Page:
I like it raw

Matt Oberg prepares an open-face mock tuna sandwich, and Mary Rubin chops veggies at The Seed.

Matt Oberg prepares an open-face mock tuna sandwich, and Mary Rubin chops veggies at The Seed.

Photo/Allison Young

The Seed is open Monday through Friday, 7 a.m. to 8:30 p.m.; Saturday, 10 a.m. to 5 p.m.; and Sunday, 11 a.m. to 3 p.m.

Typically when you mention you’re going for “vegan” or “raw food,” you’ll hear, “Are you going to eat some real food first?” Funny, sure, but my omnivorous self has learned that raw food doesn’t equal no food. By definition, the word cook means, “to prepare—food, a dish or a meal—by combining and heating the ingredients in various ways.” But cooking with no heat? Yes sir, there is such a thing, although it’s kind of mind-boggling to us cavemen slapping meat on a grill.

My wife and I invited a vegan friend to join us for dinner at The Seed Cafe, akin to hiring an interpreter when traveling through an exotic land. There was a wide assortment of organic juices and smoothies available and a tea bar featuring a broad array of loose, herbal concoctions that—with the addition of hot water—are the closest thing to anything “cooked” on the menu. Our friend and my wife enjoyed their teas ($2.15) while we perused the offerings.

First out, a pair of small kale salads ($5, large is $8). The kale is massaged by hand with some salt to loosen it up, then marinated in a mixture of olive oil, orange juice, Bragg Aminos, apple cider vinegar and sesame oil, chopped fine and tossed with cucumber, carrot, almond paté, marinated mushrooms and sesame seeds. If you’re a salad eater, you’ll love this. We all did.

Pho 108 ($9) arrived next, served just above room temperature with thin-sliced vegetables: zucchini, kelp “noodles,” cabbage, spinach, basil, cilantro, onion and mushrooms. I can’t quite describe the flavor of the broth, but it reminded me of true pho, though not as savory. A lot of chewing through raw veggies, but satisfying.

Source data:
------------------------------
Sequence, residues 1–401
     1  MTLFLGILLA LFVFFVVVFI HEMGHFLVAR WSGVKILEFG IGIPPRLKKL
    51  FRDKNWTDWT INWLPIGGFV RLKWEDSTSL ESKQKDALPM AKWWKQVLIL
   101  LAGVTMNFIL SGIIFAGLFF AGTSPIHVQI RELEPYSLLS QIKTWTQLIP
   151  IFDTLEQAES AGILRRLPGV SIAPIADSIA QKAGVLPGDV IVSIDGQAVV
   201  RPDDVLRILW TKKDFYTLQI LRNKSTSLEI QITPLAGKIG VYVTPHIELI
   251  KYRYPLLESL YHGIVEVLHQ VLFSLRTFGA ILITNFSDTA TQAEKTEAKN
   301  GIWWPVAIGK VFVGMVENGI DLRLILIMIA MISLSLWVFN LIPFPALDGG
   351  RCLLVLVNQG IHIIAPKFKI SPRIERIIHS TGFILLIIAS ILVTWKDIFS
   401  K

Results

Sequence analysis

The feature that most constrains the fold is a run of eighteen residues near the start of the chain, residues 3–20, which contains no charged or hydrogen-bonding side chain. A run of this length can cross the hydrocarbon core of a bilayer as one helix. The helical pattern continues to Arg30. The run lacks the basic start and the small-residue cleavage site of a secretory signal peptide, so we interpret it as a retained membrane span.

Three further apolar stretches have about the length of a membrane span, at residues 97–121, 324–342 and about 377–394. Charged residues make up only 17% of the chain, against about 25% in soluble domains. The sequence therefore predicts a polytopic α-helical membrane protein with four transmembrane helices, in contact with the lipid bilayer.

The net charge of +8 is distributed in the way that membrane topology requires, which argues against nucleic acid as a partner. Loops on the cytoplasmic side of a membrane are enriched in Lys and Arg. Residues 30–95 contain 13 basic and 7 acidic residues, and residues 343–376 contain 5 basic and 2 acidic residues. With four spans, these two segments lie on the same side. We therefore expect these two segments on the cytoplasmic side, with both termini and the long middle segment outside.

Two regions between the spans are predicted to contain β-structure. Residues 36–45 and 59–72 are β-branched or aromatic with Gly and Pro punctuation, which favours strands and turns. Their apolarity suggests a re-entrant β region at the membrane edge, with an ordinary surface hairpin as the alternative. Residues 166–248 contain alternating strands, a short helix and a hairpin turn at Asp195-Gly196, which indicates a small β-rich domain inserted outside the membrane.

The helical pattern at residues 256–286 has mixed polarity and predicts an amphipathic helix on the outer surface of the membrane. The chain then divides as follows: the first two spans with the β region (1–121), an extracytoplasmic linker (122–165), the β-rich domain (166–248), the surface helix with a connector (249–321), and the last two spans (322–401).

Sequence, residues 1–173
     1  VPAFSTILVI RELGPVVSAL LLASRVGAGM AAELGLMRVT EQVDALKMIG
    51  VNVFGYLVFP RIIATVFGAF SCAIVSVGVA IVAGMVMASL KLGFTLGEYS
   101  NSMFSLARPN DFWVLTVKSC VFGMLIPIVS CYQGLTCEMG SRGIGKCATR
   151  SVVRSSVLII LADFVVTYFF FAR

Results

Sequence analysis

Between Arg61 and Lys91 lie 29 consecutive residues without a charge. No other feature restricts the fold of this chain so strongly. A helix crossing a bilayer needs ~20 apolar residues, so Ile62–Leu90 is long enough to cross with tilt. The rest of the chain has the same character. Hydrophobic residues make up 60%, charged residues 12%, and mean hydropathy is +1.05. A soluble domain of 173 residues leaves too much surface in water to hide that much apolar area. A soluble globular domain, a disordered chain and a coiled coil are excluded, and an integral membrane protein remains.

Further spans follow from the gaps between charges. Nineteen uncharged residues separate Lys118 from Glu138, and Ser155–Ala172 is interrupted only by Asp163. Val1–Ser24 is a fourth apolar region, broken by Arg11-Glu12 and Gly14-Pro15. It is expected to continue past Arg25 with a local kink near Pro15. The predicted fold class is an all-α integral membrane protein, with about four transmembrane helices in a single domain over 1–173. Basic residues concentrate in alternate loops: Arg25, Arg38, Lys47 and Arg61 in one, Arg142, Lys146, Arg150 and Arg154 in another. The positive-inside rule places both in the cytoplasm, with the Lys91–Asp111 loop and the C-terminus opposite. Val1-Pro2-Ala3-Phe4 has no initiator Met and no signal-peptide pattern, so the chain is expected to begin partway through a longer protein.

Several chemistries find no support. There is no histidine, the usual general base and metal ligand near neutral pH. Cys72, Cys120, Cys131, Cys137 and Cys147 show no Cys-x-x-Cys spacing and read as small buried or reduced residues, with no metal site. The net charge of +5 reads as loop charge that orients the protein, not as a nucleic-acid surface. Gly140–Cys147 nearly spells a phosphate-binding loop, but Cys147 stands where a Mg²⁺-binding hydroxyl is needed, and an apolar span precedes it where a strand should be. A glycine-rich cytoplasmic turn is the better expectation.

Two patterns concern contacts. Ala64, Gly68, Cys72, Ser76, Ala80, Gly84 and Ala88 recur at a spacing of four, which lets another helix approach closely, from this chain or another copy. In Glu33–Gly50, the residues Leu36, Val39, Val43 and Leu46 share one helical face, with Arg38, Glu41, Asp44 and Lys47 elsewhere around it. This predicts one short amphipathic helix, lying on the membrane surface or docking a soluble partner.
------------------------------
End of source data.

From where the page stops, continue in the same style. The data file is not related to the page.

I didn’t care for the mock tuna sandwich ($8), but my dining companions enjoyed it. A mixture of “tuna” (sunflower seeds, nori, celery, mustard, lemon) was heaped on a square of onion “bread” (puréed onion dehydrated into a quasi-cracker), topped with sprouts, avocado, carrots and seasonings. It wasn’t bad, but paled compared to other dishes we sampled.

Next up, pizza ($8). An almond cracker was the stratum for a healthy pile of cashew “ricotta,” sun-dried tomato marinara, sprouts, tomato, avocado, pineapple, red bell pepper, marinated mushroom, onion and basil. I didn’t find it very pizza-like. It was more like a heavily-laden tostada with a lot of flavors competing for attention. A dash of red pepper flake and oregano might help this dish live up to its name, but as-is, we still enjoyed it.

The word sushi refers to vinegared rice, no fish required. So how to accomplish sushi rolls ($7) when you can’t employ cooked rice? Wrap sunflower paté, marinated mushroom, cucumber, carrot, jalapeño, red bell pepper, avocado and sprouts in nori (sushi wrapper), and serve with an amazing cashew-lemon-garlic aioli. The ocean flavor of nori tricks you into thinking you’re eating seafood, which I found a bit awe-inspiring.

Last up was creamy Alfredo pasta with red bell pepper tomato soup ($13). The soup was akin to gazpacho, basic-yet-flavorful at room temp. But pasta without noodles? Long, thin strips of raw zucchini substituted so well for pasta I forgot what I was eating. Though not really Alfredo in flavor, this cashew-based sauce aptly completed my new favorite way to eat summer squash.

The Seed's pumpkin pie ($4.50) is a knock-out. Holiday-spicier than average, this is a dessert with few equals. The crust is comprised of pressed nuts and coconut, the filling is amazing, and you can’t visit The Seed without trying it.